Microlensing results: Jupiters common?

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Microlensing results: Jupiters common?

Post by Lazarus on 25th September 2010, 7:51 am

Saw this article linked on EPE, unfortunately it is behind the Nature paywall so I don't know much about what is going on here.

Seems like it might be quite interesting though...
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Re: Microlensing results: Jupiters common?

Post by Roland Borrey on 29th September 2010, 1:15 am

The article point out that out of 13 events of a star eclipsing another star and producing microlensing that were recorded between 2005 and 2008 five resulted in planet detection with one of then having 2 planets.
Micolensing is sensitive to planets that are located at 2.5AU, for star that have a mass 1/2 of the sun.
The author argued that even with this limitation more than 33% had planet and that is a fraction of the planets. This shows a larger probability than the one returned by RV measurement
The planet have masses between 50 and 300 time earth.
The planets are probably locatd behind the snow line, where they were formed.
This later suggest that either: most planets do not migrate very far or that the most migrating planet get destroyed.
Microlensing is sensitive to Jupiter size planet and none were found, so it points that the mass of newly form gas giant is skewed toward low mass object. One of the planet is 13 earth masses. This skew is in contradiction with the gas giant formation theory

The article is 1 page and does not mention wich stars, prossibly just statistic from the planet encyclopedia


Last edited by Roland Borrey on 29th September 2010, 1:20 am; edited 1 time in total (Reason for editing : Typo)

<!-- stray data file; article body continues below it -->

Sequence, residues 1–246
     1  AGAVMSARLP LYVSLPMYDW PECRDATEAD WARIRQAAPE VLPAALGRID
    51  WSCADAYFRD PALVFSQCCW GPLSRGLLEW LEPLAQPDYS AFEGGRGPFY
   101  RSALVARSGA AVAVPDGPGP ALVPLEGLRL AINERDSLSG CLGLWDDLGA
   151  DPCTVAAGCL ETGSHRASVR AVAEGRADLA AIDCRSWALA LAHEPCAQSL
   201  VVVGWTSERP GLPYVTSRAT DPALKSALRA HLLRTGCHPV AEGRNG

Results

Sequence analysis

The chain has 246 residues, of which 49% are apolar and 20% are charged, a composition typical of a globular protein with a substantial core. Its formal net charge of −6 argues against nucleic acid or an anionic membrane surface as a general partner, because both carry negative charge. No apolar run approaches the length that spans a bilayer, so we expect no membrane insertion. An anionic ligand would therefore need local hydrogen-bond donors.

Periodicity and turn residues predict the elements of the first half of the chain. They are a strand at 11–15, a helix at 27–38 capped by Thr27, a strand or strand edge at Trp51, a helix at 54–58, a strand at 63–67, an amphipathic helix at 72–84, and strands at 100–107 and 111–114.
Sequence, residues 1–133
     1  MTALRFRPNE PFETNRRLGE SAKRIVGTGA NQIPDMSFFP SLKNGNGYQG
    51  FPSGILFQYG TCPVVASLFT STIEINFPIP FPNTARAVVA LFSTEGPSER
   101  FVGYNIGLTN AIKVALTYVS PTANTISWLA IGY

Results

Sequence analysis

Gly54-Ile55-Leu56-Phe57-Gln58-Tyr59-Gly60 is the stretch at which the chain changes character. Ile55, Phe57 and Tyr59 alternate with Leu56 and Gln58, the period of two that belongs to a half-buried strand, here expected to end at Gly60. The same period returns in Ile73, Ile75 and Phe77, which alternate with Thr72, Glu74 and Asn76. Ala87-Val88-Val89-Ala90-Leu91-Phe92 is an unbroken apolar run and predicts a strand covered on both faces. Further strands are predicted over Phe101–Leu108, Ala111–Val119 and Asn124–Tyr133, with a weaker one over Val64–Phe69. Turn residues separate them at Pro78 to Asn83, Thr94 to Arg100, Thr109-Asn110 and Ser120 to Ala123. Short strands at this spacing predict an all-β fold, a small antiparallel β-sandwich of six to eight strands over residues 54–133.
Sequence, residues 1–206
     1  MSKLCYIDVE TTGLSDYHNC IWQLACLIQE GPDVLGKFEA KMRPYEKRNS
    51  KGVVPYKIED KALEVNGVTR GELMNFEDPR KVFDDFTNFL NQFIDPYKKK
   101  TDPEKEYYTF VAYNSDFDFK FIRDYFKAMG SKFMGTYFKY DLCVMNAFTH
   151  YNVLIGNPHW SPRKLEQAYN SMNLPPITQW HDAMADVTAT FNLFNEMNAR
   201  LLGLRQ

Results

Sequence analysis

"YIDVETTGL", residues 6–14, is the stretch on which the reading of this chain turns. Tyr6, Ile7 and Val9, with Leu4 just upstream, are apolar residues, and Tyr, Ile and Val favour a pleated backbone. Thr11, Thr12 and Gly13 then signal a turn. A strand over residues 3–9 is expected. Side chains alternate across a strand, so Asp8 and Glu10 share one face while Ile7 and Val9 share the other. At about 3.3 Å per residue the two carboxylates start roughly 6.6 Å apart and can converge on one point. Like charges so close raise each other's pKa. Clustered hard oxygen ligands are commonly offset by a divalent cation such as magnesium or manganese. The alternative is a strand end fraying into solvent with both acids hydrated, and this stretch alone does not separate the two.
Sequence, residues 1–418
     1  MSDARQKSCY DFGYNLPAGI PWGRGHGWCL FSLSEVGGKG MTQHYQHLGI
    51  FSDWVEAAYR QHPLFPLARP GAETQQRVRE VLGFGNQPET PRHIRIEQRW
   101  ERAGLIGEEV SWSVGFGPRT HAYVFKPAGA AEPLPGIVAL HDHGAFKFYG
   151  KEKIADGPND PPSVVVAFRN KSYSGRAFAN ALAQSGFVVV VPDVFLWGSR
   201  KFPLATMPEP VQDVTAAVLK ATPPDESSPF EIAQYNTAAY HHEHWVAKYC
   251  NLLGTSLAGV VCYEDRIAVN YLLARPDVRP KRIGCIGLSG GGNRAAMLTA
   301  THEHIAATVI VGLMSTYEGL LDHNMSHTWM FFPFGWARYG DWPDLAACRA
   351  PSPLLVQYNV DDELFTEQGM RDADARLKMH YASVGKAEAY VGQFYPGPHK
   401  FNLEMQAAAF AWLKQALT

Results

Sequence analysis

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Re: Microlensing results: Jupiters common?

Post by Borislav on 29th September 2010, 1:39 am

Thanks Roland. Very similar results to another paper, also by microlensing.
http://arxiv.org/abs/1001.0572
In this article, the authors analyzed 15 micro-lens events (2005-2008) and found among these two systems with gas giants (one of them even once with an analog of Jupiter and Saturn).
However, the additional sensitivity analysis, the observation of micro-lens events, the authors found that the frequency of gas giant planets in wide orbits may be around 30% only around red dwarfs.

On the other hand, these results are similar to the figures of the future work of the AAT survey
http://solar-flux.forumandco.com/extrasolar-planetology-f5/frequency-of-jupiter-analogues-t714.htm
- 120 non-detections implies upper limit of 37.2% for planets with K > 10 m/s in 3-6 AU
But it's not for red dwarfs, and yellow dwarf. Although of course the radial-velocity method is less sensitive than the method of microlensing.

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Re: Microlensing results: Jupiters common?

Post by Borislav on 29th September 2010, 2:05 am

In addition - John Chambers, not a specialist in the region of microlensing. Most of his articles on the search for RV-planets on the Magellan Telescope.

http://arxiv.org/abs/1001.0572
The authors of this article, really specialize in micro-lens survey.

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Re: Microlensing results: Jupiters common?

Post by Roland Borrey on 29th September 2010, 2:38 am

That is the base article for the Nature news presented byJohn Chambers
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